The female does possess a stinger and she does not want to sting, unless provoked. In the event she would sting a human or an animal she would die. This is due to the fact that the stinger, which is located at the end of the abdomen, becomes removed. All of the types of bees co-exist with one another in a habitat known as a hive. Depending on the locale of the hive, there could be approximately 40,000 to 80,000 bees during peak summer months. This is the time of year the hive would be the strongest. The worker bees are the ones who forage for a food source. Once the food source is located, they communicate with one another in a well-choreographed dance know as the “waggle dance.” This informs the others of where the specific food source is located.

Langstroth hives.
© Lesley Ingram

DECLINING POPULATION. There has been an alarming decline of these insects over the years. One of the most well- known phenomenon is colony collapse disorder (CCD). CCD was first reported in 2006 by beekeepers as they experienced significant losses to their hives during the spring. These losses are attributed to the worker bees vacating the colony, leaving behind a queen, honey and a few nurse bees to care for the immature bees and the queen. CCD was once thought to be a major factor of bee decline. However, the number of reported cases has declined over the last five years.

Because there has been a decline in both managed colonies and bees in the wild, there are additional elements contributing to this. Based on research that is ongoing and conducted by multiple governing/extension agencies, universities and research labs, one factor is climate change. Different parts of the United States that experience unseasonably mild winters have altered the schedule of blooming flowers. When the bees first emerge for the new season, the flowers, which are their food source, have already bloomed and died. A second factor would be the elimination of habitat. Plush, rural areas that are normally full of flowers, weeds and grasses have been changed into suburban or urban settings.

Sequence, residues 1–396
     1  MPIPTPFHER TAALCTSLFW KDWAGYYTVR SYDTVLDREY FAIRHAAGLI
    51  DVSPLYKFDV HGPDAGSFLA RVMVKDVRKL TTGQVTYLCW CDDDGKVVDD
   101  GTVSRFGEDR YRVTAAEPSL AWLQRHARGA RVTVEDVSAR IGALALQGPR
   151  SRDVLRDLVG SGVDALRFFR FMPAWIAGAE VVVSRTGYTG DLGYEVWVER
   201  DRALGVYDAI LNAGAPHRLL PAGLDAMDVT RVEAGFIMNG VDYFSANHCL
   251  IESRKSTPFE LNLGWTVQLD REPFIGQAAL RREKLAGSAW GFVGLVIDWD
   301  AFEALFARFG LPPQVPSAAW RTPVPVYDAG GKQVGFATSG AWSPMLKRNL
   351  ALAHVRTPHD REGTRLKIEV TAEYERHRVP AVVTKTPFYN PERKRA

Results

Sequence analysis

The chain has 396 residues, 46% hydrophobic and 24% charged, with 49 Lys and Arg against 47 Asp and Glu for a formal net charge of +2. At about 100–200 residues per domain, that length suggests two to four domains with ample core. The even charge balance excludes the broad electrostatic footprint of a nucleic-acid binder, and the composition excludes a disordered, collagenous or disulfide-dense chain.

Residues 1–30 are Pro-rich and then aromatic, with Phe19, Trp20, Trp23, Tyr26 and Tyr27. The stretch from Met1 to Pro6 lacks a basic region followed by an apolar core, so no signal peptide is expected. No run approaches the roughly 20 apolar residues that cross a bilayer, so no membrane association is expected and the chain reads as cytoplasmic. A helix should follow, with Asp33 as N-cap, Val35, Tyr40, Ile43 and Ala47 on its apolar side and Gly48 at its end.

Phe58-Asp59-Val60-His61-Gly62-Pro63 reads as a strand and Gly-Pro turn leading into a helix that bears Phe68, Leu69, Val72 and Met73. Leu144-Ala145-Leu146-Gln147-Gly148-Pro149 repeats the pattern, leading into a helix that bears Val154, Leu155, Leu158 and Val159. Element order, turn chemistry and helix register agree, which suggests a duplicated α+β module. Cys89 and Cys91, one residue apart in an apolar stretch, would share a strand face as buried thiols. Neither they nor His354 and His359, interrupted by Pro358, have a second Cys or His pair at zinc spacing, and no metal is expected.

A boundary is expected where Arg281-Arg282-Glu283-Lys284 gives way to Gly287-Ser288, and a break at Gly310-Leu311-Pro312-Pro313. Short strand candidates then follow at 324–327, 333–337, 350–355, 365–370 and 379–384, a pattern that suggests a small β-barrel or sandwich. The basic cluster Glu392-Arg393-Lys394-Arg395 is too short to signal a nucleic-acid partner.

Another reason that’s widely discussed in the consumer media is pesticide use. The neonicotinoid class of insecticides in particular has been singled out. Neonicotinoids can be applied to the soil, used on crops as well as used as a seed treatment. Eventually, it reaches the nectar and the pollen, which then in turn can be ingested by the insect. There is ongoing research that is being conducted by many governing/extension agencies, universities and other organizations regarding neonics and honey bee health. Just this year, the state of Maryland became the first state to ban the use of neonicotinoids to consumers. However, individuals who are properly trained and licensed can still utilize this material when following specific guidelines.

Lastly, another factor in honey bee health is the Varroa mite (Varroa destructor). This mite was first reported in the U.S. in 1987; it originally emanated from Asia. This parasite attaches itself to the honey bee and sucks hemolymph fluid (blood) from the bee. They are also transmitters of pathogens with one of them being the deformed wing virus. Presently, beekeepers say the Varroa mite is the main culprit of colony loss today. Honey bees and their hives are also susceptible to the tracheal mite, hive beetle and wax moths. Education, proper nutrition, routine inspection, record keeping and the use of Integrated Pest Management (IPM) practices will assist in keeping one’s colony as healthy as possible.